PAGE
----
“We saw old refrigerators being crushed with no regard to CFCs and recycling that ranged from minimal to non-existent,” the report reads. “The waste management site on Grand Cayman appeared to be inadequately lined and waste may be seeping into the water table. The facilities on Cayman Brac and Little Cayman were even less convincing. The facility on Little Cayman was lined, but the lining had been fractured by the unregulated burning of rubbish. The facility on Cayman Brac was unlined and waste appeared to be seeping into a nearby lake

“Local authorities in the UK have the expertise to address those issues. Cayman Islands Government and the UK Government might wish to consider developing a partnership with a UK local authority to share best practice,” the report.

Pointing to Cayman’s Environment Protection Fund, which is currently worth more than £40 million, none of which has been used for environmental protection, the committee said the UK Government could have persuaded the Cayman Islands Government to use it for its intended purpose.

“If the fund were used for its intended purpose, it would allow UK funding for environmental protection, such as Darwin Plus, to be directed to other UKOTs which have more limited resources than the Cayman Islands and which do not have access to their own environment funds,” they wrote.

However, pressure from the FCO regarding Cayman’s finances had led to the government keeping hold of the $40 million to boost its reserves.

“The UK Government is prepared to exercise hard and soft power in relation to financial matters in the UKOTs, but it is apparently not prepared to exercise those powers to protect biodiversity and to promote environmental sustainability," the report found, as it pointed to a long list of recommendations about dealing with the OT’s environment issues.

Check back to CNS regarding the report’s findings on the Turtle Farm.

Category: Science and Nature

Comments (24)

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  1. Anonymous says:

    I hope the bunch of you tree huggers have at least put on some long boots and walked at least 2 hours in the central mangrove that is not a quarry . Where there is no roads and shot pictures of what exactly you are trying to stop a road from going through to save. If you haven't then please go and hike through that smelly mosquito infested swamp and give us a presentation of it. I want to sell …..no one has contacted me from the National Trust. I have three other offers on the table. I will give time for a realistic offer 50-100 acres north of Paul Bodden quarry and west of Midland Acres with the new road going through it . It has planning board approval to subdivide into 3- 50 acre parcels. Once you buy you can protect it or make it into another quarry. 

    I will let the public know how many really want to protect the swamp .

    David Miller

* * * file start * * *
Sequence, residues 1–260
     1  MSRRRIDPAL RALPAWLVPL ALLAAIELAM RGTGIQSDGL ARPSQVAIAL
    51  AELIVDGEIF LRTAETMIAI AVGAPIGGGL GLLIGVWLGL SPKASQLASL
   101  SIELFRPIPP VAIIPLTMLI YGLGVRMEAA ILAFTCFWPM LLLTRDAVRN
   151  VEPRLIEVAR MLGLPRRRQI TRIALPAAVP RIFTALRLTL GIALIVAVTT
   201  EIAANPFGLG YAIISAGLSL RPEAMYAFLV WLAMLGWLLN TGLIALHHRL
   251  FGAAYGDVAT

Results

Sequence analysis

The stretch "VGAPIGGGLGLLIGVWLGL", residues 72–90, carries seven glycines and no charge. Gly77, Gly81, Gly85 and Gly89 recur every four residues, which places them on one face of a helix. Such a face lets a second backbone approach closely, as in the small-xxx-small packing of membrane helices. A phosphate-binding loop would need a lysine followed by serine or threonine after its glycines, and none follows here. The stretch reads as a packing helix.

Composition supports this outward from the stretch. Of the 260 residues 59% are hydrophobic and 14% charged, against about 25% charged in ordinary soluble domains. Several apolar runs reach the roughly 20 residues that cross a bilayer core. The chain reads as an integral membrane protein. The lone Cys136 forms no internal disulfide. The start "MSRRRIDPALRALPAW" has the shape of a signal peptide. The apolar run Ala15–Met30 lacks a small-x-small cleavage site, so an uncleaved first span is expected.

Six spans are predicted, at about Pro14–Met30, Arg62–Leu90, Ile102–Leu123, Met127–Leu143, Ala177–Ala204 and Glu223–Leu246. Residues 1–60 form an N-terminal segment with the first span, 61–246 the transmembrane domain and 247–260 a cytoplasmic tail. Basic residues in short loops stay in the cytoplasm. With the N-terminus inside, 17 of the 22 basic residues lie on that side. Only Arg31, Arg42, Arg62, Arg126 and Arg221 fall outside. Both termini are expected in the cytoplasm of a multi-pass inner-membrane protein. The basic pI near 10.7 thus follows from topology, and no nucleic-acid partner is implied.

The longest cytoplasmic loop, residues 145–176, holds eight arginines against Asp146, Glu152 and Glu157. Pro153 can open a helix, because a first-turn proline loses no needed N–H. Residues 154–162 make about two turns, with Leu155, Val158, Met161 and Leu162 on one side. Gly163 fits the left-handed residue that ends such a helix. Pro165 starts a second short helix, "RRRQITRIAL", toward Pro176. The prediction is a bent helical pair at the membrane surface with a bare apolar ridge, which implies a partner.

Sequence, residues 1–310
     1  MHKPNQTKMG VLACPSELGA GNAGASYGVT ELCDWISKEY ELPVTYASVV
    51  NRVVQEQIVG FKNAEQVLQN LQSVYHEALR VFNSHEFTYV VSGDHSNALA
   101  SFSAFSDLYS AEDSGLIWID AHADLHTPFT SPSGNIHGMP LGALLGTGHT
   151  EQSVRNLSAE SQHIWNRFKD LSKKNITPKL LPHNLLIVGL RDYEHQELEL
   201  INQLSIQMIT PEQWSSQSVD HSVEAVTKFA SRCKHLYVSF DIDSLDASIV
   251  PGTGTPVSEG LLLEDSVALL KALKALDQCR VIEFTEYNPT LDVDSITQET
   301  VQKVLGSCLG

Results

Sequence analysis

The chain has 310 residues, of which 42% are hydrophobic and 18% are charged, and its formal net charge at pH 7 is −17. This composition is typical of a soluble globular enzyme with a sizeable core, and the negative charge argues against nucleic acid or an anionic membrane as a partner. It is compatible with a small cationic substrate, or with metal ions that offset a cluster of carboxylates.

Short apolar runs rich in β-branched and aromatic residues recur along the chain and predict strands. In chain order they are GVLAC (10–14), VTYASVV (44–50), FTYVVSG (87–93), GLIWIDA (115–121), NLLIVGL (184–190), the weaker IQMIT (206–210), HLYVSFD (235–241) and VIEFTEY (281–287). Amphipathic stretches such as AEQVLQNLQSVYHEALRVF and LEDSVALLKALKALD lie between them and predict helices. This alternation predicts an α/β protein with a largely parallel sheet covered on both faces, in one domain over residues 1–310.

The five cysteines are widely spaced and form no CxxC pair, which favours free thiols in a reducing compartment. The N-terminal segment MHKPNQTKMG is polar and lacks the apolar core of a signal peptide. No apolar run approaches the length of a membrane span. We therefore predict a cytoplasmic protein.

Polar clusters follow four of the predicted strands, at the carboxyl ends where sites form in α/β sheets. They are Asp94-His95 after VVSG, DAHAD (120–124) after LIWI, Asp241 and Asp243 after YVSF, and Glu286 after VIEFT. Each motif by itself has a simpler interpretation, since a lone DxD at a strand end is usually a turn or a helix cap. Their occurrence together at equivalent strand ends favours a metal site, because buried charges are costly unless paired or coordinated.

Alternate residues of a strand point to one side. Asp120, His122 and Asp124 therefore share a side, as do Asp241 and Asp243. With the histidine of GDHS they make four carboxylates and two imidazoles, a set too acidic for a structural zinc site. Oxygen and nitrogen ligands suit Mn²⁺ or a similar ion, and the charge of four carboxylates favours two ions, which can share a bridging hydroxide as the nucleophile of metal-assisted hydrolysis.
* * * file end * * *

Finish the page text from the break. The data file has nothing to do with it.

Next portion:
dmiller69@mac.com

    • Anonymous says:

      Completely missing the point of the article which is about a road going through the Mastic. Which the Trust did buy. But I don't suppose thats a topic that supports the argument you want to start so lets just ignore it.

      • Anonymous says:

        Here's the point …..How many tourists actually walk the entire trail ? How much does Gov't get in revenue from the mastic trail ? If the trail was shortened , how many more people would walk the trail ?

        New road to frank sound is ESSENTIAL for Shetty's hospital and new retirement project. It could come straight from airport facilitating life giving moments to sick people who are coming here to use the new hospital. You people care more about mastic trail then life saving of human beings. 

        If someone was hurt on the trail , they would have to be carried 2 miles for help. Has anyone thought about that ?

         

        • Anonymous says:

          A – the trail is not government. So they don't make money, but Cayman does.

          B – it's not all about money.

          C – the road can easily go around the Mastic, it doesn't need to go through it. 

          D – the patients going to Shetty are not emergency cases. Unless you know something about their hitherto secret air ambulance plans.

      • Anonymous says:

        D'oh, wrong article. My bad for jumping straight to the comments section.

      • Anonymous says:

        We did not get paid for it so i dont know who they bought it from.

    • Anonymous says:

      If there is karma then he is coming back as a mosquito in that swamp.

  2. Anonymous says:

    UK FCO, take the DoE out of CIG control and defend our islands from backward looking, self interest.

     

  3. Otherview says:

    I would hug a tree, a Mahogony Tree, if there were any left……………….

    Oh shoot……we cut them all down and used, or SOLD them years ago.

    • Anonymous says:

      Typical fear mongering from the fact void environmental extremists. Perhaps if you knew what a mahogany tree looks like, you would see one of the many still around.